Annette Zera, principal of Tower Hamlets College, says the leadership model proposed for further education "appears to rely hugely on audit and bureaucracy combined with fairly damning criticism. We are not sure this is a model for success" (Analysis, THES , November 9).
The recent history of higher education does not give her hope. We have had such a model linked to reductions in funds per student for 20 years. Professional staff have produced twice as many students at half the cost with a better average class of degree. They have ratcheted up research quality with only marginally more money from the funding councils and coped with intrusive external bureaucracy.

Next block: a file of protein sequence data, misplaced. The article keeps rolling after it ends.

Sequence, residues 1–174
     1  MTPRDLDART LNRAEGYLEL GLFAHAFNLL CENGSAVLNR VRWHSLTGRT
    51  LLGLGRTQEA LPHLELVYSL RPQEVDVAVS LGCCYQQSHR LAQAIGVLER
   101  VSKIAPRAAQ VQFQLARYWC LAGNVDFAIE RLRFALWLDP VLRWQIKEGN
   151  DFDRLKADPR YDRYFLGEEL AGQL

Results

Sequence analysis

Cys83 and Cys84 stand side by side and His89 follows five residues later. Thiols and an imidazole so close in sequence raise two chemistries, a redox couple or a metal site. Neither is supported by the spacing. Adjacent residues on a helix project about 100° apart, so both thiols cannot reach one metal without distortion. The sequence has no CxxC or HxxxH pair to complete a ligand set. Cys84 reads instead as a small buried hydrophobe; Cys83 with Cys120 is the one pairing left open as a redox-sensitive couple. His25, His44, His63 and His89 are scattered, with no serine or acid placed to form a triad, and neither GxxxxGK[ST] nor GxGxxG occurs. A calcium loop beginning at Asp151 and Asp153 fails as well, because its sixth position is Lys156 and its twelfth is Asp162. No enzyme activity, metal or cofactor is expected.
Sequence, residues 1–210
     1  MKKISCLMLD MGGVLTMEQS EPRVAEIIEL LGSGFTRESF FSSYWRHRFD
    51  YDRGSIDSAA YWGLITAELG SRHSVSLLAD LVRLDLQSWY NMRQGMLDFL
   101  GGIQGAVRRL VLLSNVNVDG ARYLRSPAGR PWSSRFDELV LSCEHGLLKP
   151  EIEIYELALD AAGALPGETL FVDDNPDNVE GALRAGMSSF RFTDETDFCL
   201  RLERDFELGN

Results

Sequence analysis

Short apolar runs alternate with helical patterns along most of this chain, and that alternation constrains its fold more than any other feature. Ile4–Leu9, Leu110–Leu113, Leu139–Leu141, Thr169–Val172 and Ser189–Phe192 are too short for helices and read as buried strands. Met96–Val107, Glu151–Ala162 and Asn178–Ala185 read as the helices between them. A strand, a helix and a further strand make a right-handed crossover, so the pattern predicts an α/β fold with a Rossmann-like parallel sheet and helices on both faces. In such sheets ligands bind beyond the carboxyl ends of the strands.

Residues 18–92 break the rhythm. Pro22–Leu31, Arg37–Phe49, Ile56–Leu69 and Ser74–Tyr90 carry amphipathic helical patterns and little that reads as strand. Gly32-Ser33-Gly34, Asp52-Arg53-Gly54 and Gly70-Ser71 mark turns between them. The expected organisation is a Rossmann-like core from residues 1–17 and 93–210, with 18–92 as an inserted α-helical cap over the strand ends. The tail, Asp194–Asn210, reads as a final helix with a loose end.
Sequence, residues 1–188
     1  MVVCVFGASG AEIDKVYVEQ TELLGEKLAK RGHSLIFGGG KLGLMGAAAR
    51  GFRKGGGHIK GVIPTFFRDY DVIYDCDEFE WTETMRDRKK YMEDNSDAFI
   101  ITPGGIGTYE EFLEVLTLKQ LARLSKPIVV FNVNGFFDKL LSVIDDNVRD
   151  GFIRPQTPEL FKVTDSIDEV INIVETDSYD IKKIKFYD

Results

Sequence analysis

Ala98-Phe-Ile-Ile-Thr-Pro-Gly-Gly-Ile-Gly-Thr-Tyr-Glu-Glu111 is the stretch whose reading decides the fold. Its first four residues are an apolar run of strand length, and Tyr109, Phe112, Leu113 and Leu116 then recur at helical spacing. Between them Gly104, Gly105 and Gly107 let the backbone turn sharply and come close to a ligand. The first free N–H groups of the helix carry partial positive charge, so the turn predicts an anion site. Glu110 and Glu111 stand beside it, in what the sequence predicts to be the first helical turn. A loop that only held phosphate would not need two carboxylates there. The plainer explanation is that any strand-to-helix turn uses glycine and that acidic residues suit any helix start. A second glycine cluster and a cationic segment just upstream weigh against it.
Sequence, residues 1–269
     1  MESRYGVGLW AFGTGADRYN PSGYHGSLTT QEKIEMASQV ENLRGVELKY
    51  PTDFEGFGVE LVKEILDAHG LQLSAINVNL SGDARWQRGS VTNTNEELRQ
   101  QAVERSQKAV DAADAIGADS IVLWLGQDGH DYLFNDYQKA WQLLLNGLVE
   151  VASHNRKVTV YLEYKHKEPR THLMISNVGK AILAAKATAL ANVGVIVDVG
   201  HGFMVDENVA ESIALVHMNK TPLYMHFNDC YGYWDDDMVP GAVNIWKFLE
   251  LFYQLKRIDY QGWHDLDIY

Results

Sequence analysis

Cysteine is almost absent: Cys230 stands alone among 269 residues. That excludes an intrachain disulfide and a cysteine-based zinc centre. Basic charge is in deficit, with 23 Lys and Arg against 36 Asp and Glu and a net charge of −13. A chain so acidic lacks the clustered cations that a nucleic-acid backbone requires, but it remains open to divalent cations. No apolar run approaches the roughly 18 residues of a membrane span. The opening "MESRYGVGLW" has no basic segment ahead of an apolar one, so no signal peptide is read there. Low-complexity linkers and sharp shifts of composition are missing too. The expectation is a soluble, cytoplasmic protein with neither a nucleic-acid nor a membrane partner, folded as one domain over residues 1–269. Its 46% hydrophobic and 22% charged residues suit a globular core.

So, from the point of view of government and its agencies, the model works. But it does so only because of commitment by staff who have been constantly criticised. They pay a huge price - the effect on their private lives and on stress levels. This is not included in the government's cost-benefit analysis, nor on any balance sheets. So it doesn't count. Zera, Solihull's Colin Flint and other principals must prepare to defend their colleges and their colleagues.
Professor of higher education and management
University of Greenwich